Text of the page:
Talbott talks Putin in final globalization and governance lecture of the year

19

President of the Brookings Institution and former Deputy Secretary of State under the Clinton Administration Strobe Talbott spoke at Occidental Tuesday in his lecture, “Vladimir Putin vs the 21st Century: How the Last Month Has Made Global Governance Harder.” Talbott discussed how the recent actions by Putin in Ukraine have created new tension between Russia and the West.

After his introduction by Diplomacy and World Affairs (DWA) professor Sanjeev Khagram, Talbott gave a summation of how he came to know Ambassador Derek Shearer, who currently serves as director of the McKinnon Center for Global Affairs.

Talbott became interested in Russia because of its history and culture, but also because of the Soviet threat present since the beginning of the Cold War.

“It is very difficult for you students to imagine what it was like over a period of decades to never be entirely sure, when we woke up in the morning, that we would survive the day,” Talbott said. “The threat of global thermo-nuclear holocaust was constant, [it] was a sort of damocles. And the thread by which that sword hung was very frail indeed and certainly built that way during the Cuban missile crisis.”

According to Talbott, the course that Russia has been taking up this point has been out of a desire to become a normal modern state. But now Russia appears to be taking a U-turn.

“With the stroke of a pen, [Putin] repudiated and reversed Boris Yeltsin’s crucial decision that was supposed to last forever,” Talbott said.

Talbott introduced the concept of irredentism, the seizing of the territory of another state to reunite people of the same ethnicity, as a driving force for Putin’s actions. According to Talbott, this is an old practice that many had hoped had died out in the 20th century.

“We are living in an era of Putinism,” Talbott said. “Irredentism is the external 21st century manifestation of Putinism itself.”

But the internal manifestations of Putinism — what goes on within the borders of Russia — is where Talbott claims Putinism will fail for three reasons: First, Putin’s exploitation of Russian nationalism is likely to backfire abroad; second, Putin’s Russian chauvinism is likely to backfire within Russia itself; and third, Putin’s biggest failure is that he is essentially offering authoritarianism, crony capitalism, continuing corruption, a resource-cursed backward economy, a crippled healthcare system and a demographic crisis that is harassing the slavic population.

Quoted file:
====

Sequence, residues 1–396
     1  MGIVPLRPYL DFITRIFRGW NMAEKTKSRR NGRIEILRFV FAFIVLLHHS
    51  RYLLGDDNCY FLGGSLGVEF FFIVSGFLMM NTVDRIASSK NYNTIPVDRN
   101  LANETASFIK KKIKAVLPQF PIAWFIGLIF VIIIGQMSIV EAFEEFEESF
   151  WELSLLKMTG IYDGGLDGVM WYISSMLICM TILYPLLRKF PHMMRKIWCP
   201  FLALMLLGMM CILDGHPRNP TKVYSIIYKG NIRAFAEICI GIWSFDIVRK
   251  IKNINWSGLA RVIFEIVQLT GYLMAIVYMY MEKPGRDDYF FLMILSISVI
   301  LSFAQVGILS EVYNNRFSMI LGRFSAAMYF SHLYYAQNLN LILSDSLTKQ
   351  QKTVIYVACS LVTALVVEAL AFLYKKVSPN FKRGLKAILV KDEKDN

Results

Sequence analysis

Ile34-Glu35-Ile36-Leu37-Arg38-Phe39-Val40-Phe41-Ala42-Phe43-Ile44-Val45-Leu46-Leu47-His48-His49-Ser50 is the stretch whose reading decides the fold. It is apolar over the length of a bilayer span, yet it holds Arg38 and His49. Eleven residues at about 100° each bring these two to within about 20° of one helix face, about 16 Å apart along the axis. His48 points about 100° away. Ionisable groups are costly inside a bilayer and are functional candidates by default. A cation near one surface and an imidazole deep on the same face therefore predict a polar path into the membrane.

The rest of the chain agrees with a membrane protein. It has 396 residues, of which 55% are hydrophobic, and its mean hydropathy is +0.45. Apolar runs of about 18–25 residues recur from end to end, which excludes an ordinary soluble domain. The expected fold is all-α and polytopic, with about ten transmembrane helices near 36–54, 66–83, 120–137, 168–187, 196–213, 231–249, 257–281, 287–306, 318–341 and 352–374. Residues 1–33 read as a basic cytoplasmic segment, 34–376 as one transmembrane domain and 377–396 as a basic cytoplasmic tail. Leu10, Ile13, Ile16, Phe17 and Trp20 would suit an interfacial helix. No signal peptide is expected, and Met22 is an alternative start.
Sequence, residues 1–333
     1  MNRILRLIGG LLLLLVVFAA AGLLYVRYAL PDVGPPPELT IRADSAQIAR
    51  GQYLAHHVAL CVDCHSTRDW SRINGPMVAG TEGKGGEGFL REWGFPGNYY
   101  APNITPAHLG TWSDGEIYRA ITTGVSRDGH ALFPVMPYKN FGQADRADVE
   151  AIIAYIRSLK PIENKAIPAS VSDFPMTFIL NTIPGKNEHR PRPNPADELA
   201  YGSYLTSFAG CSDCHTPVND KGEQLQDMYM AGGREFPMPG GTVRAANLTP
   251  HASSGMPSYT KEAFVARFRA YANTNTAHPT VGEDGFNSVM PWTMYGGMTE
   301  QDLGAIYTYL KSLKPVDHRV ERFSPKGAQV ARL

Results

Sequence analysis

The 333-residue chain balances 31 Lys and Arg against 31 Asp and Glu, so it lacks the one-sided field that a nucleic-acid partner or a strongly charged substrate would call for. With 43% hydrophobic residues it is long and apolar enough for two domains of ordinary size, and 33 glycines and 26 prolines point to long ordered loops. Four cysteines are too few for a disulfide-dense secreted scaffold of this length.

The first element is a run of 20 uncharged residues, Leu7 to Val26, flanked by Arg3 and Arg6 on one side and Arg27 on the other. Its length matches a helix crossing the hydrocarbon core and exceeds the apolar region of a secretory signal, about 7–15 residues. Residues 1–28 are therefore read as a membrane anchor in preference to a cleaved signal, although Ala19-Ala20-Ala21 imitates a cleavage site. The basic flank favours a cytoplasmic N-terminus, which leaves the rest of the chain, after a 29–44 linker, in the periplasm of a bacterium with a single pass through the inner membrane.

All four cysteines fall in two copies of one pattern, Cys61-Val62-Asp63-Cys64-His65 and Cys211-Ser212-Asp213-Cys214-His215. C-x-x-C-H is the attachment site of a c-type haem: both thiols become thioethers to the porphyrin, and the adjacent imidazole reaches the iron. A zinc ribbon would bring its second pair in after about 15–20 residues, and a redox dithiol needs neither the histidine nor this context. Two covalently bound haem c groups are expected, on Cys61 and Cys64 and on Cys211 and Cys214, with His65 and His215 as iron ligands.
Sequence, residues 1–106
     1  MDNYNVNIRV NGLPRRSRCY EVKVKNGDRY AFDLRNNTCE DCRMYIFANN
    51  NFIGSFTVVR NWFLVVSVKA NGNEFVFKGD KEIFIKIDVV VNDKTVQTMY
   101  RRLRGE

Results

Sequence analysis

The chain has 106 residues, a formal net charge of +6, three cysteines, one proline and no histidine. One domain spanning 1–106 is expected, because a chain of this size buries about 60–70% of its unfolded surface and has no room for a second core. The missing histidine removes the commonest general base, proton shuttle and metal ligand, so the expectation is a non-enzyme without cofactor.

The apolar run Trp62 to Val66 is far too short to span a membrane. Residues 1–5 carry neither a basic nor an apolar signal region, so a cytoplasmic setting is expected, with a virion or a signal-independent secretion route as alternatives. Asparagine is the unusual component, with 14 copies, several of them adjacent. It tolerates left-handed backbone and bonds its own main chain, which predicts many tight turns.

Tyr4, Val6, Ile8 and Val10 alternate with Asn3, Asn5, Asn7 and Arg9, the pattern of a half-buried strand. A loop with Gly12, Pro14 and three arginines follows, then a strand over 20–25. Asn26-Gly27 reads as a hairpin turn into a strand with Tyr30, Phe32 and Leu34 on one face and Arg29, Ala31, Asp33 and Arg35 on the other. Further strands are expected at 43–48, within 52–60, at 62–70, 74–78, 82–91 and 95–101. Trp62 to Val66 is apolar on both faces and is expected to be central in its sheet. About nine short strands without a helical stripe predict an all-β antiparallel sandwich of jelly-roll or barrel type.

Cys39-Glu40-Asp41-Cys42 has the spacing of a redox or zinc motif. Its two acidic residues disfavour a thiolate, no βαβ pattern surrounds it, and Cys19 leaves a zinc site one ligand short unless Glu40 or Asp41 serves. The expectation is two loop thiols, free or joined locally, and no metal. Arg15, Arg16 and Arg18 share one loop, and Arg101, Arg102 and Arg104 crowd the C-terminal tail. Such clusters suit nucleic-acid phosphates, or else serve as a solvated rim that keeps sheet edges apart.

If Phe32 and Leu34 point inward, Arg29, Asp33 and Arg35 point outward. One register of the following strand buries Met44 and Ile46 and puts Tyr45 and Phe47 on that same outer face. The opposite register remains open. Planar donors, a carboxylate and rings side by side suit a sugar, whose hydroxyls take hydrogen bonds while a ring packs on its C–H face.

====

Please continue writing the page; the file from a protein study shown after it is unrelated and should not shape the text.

What he is offering, according to Talbott, is the reinstatement of some of the most fatal features of the U.S.S.R.

Putinism will only last as long as the Russian people allow it to last. Talbott believes that the end of Putinism would come quicker if there is a forceful voice backed by national and international resolve.

Talbott then brought Occidental back into his speech because he believes that Putinism will only be stopped by Occidental’s most famous alumnus: Barack Obama ‘.

“This is a bully pulpit moment for Barack Hussein Obama,” Talbott said. “Given the spreading doubts that the west cannot do anything to reign in Putinism — and they are beginning to dominate the commentary right now — I would say this is a moment for President Obama to get up and say at some length, ‘Yes we can reign in Putinism, and here is how we are going to do it.’ Let us hope he seizes that moment and that he does so soon.”

Talbott ended his talk by opening up a discussion between himself and the students in attendance.

DWA major Ian Mariani (senior), who asked Talbott questions after the talk, enjoyed the lecture.

“For [Talbott] to present, essentially, an opinion that I thought was very good in the sense that I have seen a lot of Cold Warriors try to return to the rhetoric, try to return to this idea that it’s the Soviet Union again. It is good to see someone get up there, who has the knowledge of the Soviet Union for all of its history and to say it is a different game. It is Putinism. It is not necessarily Soviet nationalism as he has known it, or as any of us have ever learned about it,” Mariani said.

DWA major Rachel Farkas (senior) also enjoyed what Talbott had to say and appreciated his background as a journalist.

“Although I would say he is an intellectual, I would not necessarily say he is an academic. He studied Russia but his background as a journalist sets him up to be wanting to know more about everything,” Farkas said. “I think Strobe Talbott is different from other Cold Warriors, like the speaker we had a couple weeks ago. He does not seem to be stuck in that way of thinking. He recognizes the impossible, but he does not see it as only a geopolitical or security issue. He is looking at it with a constructivist mindset.”